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The Trouble With Nutrition Lables

Tuesday, October 23, 2012

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Today I decided to measure and weigh the beans in a can of black beans. The label says 40 % reduced sodium. (I always buy low or no added salt when I can find it.) It also says contents are equal to approx 3 1/2 servings of 1/2 cup each. Each serving is to be 130 grams. So I dumped the beans into the strainer, rinsed them well and began to measure.

The 1/2 cup serving was no where NEAR 130 grams. The can did not contain 1 3/4 cup of beans. It barely made the 1 1/2 cup.

Spark says if you drain and rinse well, you will reduce the sodium by approx. 40%. All the recipes I've ever read say drain and rinse the beans before you put them into your dish. So, if the measure is off, and the weight is off, I can only assume the nutrition label is telling me what I would consume if I used the sludge in the bottom of the can and the syrup surrounding the beans. To me, that is no help at all. I've asked several nutritionists, and they all say the same thing: I have no idea what the nutritional value is when the beans are drained and rinsed.

So, Spark Friends, what do you think of this situation?

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Member Comments About This Blog Post
    Don't think you oughta eat food that's labeled.
    1060 days ago
    I'm sure that the nutritional information on the can is for the entire contents of the can. Otherwise they would be in trouble with the labeling gods...

    I think NANCYHOME247 is on the right track. Dried beans expand to three times their volume when soaked and cooked. Spark's nutrition data-base has black beans that have been cooked with no salt in it. You could use that, but be aware that your canned beans would have more sodium in them, even after rinsing.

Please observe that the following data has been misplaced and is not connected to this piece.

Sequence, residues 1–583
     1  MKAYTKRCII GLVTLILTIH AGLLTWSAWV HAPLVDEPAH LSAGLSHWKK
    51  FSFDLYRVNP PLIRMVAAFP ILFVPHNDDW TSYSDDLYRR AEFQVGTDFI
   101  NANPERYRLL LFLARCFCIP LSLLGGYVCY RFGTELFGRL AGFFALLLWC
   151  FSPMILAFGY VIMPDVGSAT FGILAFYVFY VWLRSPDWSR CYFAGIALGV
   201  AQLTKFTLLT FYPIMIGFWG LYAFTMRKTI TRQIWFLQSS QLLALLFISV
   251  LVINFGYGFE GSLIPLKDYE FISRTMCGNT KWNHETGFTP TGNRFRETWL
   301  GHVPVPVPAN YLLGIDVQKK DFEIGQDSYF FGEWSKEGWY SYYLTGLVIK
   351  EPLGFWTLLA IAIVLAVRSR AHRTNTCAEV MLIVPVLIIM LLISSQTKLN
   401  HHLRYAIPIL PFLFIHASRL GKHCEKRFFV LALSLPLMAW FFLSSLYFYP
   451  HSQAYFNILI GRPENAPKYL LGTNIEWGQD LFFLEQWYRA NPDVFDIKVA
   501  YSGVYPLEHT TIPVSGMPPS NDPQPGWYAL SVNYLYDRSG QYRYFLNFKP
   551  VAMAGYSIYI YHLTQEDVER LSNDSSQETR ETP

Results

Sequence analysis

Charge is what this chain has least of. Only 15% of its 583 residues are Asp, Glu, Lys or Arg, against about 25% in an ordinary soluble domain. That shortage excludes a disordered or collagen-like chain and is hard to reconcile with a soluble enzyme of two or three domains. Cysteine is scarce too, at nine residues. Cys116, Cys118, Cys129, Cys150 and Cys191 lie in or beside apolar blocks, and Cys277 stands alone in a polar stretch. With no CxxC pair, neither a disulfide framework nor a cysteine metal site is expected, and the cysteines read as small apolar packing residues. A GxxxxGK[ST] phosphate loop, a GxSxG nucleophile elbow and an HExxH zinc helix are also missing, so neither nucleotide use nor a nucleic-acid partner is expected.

2005 days ago
    Have to agree. The thoing that makes most sense is that the weight of the product listed on the can includes the weight of the liquid and sludge.

    I so often just use dry beans because then I can control the sodium . . . i.e. NONE added.

    But if I do use canned beans, I definitely rinse as you do. Never took the time to be as methodical as you . . . just took it for granted that the label was accurate. WRONG choice, obviously!

    2008 days ago
  • JEANNE229
    It is the same with some prepared foods, like a cakemix for instance. They give you values of the mix, but not of when you add egg, oil, etc. What you read is what is there, I guess. Right. Not very helpful.
    2008 days ago
    Good blog. Thanks for going to all of the trouble to check it out! We'd be surprised how many other things are like that!! emoticon
    2008 days ago
    The rule of thumb with diabetic exchange plans is 3/4 oz dry=2 oz cooked.=one exchange. I wish all recipes gave weights of ingredients. It's a LOT easier!
    2008 days ago
    OMG! This reminded me, that I totally forgot about the black beans I cooked yesterday!! I like to cook them up and package them up smaller and freeze them, and I totally forgot about them and left them out all night!!

    Drats. OH well. So cheap to make yourself, I just hate it when I do things like that.

    Thanks for sharing!


    Smile and Enjoy the Rest of Your Day!
    Melinda (gopintos)
    Dr Oz Show Fans Team
    2008 days ago
    Thanks for taking the time to do your own empirical research, and sharing your results. Valuable information.

    To propose an answer your question about how you can more accurately track these kinds of foods, why don't you compare the nutritional values listed for the equivalent amount of black beans you'd make yourself from dried beans, and compare with what's listed on the can. You can then intelligently "guesstimate" what you're eating. I've found another website helpful in tracking the micronutrients that aren't always listed on the Sparks website:

    2008 days ago
  • GABY1948
    I think it's disgusting that the world has gotten to a point that we can't trust ANYTHING anymore...good blog! Thanks
    2008 days ago
    I wish the nutrition labels were more accurate. Maybe they will improve. We need that information for our health.

    2008 days ago
    Nutrition label = guideline only.
    The weight on the label most likely contains the sludge :)
    2008 days ago
    I actually contact the Manufactures when I notice these sorts of anomalies. You may be surprised at the number of firms who do this :-(

    2008 days ago
    A puzzle
    2008 days ago
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